Home Leeds Leeds financial firm calls on peers to help bridge the digital divide

Leeds financial firm calls on peers to help bridge the digital divide

A Hitachi Capital IT technician hands over laptops to Leeds Tech Angels representatives

Leeds-based financial services firm Hitachi Capital have delivered their first 42 machines to Leeds Tech Angels, the campaign to provide laptops to children and young people in some of the city’s most digitally excluded neighbourhoods.

The machines, which were due to be recycled after refurbishment, were instead donated to Tech Angels after their disk drives were removed and disposed of securely, with Hitachi Capital providing funding for replacement disk drives.

Theresa Lindsay, Group Head of Marketing, Hitachi Capital UK PLC said:

“We’re really pleased to work with Tech Angels to ensure that the laptops we’re donating will go to children in Leeds who really need the equipment to continue their education.


“It’s easy to forget there’s such a digital divide in our communities and I’d encourage all businesses in the region to look at what kit you have spare and talk to the charity about donating.

“Every laptop really does count and can make a huge difference to a child’s life.”

This sentiment was echoed by Ben McKenna who is coordinating the Leeds Tech Angels campaign.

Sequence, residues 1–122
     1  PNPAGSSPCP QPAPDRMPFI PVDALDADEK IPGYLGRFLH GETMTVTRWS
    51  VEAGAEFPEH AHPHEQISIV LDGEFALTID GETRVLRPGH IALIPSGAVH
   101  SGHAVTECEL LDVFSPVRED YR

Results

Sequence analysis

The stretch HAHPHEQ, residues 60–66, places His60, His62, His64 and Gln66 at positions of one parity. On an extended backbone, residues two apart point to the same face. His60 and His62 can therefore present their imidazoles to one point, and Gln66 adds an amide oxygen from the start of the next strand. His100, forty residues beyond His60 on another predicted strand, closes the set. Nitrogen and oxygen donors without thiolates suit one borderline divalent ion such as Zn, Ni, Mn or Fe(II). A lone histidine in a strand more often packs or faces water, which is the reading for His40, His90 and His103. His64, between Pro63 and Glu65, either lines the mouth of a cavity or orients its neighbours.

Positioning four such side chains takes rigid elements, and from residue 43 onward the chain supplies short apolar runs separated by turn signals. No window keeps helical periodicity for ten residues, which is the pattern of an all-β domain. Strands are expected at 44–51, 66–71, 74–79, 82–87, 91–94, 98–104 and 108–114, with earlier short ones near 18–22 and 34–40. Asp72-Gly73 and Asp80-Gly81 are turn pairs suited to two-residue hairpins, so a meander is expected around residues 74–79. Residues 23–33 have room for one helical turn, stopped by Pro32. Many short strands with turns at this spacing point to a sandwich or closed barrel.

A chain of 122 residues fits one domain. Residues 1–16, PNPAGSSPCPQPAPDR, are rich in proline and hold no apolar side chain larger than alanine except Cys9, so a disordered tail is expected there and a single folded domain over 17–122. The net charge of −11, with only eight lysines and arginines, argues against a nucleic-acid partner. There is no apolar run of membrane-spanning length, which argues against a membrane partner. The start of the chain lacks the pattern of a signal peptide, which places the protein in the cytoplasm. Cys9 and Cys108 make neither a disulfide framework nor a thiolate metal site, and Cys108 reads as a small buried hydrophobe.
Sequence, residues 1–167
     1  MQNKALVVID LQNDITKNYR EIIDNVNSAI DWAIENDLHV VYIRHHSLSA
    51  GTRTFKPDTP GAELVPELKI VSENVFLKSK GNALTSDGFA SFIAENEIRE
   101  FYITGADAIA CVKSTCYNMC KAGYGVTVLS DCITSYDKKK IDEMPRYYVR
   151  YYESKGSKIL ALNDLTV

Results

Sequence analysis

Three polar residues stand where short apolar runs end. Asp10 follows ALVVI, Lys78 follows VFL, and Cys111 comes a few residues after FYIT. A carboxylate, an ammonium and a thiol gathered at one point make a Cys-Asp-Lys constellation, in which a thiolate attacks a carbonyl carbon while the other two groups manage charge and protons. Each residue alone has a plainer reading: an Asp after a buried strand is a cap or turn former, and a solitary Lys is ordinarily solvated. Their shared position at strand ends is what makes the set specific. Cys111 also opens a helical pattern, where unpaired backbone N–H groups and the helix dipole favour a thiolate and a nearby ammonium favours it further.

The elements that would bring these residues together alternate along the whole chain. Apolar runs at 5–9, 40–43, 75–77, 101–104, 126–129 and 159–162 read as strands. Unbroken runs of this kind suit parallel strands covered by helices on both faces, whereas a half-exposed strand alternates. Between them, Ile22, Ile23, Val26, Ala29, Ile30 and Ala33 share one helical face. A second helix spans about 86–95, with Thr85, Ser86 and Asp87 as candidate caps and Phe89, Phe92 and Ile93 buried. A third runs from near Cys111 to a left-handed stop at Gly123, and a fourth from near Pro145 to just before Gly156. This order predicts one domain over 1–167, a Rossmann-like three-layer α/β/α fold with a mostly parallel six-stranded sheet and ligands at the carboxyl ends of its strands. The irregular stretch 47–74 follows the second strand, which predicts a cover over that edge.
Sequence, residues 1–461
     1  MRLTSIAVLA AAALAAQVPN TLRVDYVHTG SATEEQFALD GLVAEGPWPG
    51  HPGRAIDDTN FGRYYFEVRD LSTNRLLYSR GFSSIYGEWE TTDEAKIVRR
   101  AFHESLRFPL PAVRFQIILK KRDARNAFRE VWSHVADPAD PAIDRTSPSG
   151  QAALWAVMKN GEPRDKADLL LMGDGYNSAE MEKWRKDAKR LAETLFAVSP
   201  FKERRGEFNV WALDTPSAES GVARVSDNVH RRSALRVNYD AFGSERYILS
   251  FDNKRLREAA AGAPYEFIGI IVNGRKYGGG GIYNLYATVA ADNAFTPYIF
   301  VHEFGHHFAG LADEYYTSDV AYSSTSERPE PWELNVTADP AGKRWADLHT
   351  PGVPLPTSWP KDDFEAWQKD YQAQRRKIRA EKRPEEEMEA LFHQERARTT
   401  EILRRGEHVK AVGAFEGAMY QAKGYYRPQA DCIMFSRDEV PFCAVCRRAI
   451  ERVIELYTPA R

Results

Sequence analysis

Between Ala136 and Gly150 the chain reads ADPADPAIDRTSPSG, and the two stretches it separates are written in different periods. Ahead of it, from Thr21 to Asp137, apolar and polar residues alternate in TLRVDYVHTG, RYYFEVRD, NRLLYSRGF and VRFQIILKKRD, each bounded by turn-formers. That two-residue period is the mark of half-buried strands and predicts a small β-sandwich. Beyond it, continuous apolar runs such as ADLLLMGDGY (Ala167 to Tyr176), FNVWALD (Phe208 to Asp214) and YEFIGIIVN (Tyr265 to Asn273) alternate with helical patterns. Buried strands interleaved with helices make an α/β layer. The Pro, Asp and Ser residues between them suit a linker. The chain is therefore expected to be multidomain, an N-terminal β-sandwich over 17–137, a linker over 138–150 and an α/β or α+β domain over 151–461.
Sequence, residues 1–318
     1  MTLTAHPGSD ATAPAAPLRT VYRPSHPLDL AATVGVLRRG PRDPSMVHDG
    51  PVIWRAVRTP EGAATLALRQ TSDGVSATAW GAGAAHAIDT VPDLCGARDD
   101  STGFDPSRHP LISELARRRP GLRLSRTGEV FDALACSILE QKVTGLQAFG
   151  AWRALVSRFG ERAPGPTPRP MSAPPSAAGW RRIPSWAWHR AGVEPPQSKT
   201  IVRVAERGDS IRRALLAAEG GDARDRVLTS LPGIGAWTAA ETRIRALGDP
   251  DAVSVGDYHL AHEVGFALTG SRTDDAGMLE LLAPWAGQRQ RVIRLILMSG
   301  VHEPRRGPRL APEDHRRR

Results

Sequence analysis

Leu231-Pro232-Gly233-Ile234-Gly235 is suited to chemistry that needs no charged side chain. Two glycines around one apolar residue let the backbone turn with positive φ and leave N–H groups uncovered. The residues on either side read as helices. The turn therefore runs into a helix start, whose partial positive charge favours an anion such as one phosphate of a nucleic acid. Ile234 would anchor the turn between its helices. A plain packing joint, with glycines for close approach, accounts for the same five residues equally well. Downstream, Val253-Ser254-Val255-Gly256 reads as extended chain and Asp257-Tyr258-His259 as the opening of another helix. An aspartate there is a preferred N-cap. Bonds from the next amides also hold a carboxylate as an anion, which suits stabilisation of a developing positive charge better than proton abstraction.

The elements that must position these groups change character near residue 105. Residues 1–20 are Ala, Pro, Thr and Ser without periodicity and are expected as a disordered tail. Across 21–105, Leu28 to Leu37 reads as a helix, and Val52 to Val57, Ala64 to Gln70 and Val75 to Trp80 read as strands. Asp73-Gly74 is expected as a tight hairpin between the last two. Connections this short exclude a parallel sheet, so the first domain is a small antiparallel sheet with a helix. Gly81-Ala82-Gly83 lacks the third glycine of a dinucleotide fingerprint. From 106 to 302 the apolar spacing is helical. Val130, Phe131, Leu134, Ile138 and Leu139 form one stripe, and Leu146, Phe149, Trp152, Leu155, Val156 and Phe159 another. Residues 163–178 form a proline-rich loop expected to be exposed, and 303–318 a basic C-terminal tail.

He said:

“These machines will be hugely useful to pupils across Leeds struggling to catch up with their schoolwork after spending the best part of a year in lockdown.

“We would like to thank Hitachi Capital as well as all of our other donors for helping to give these young people a chance to realise their potential.

“If any other businesses have spare kit, we can ensure this is safely recycled and put into the hands of schoolchildren in need.”

The campaign to find Leeds Tech Angels is being led by a recently established group, Digital Access West Yorkshire, with funding from Leeds Community Foundation and support from Ahead Partnership, Leeds City Council and Zero Waste Leeds.

The digital divide has been exacerbated by coronavirus with many school children lacking the means to join online lessons.

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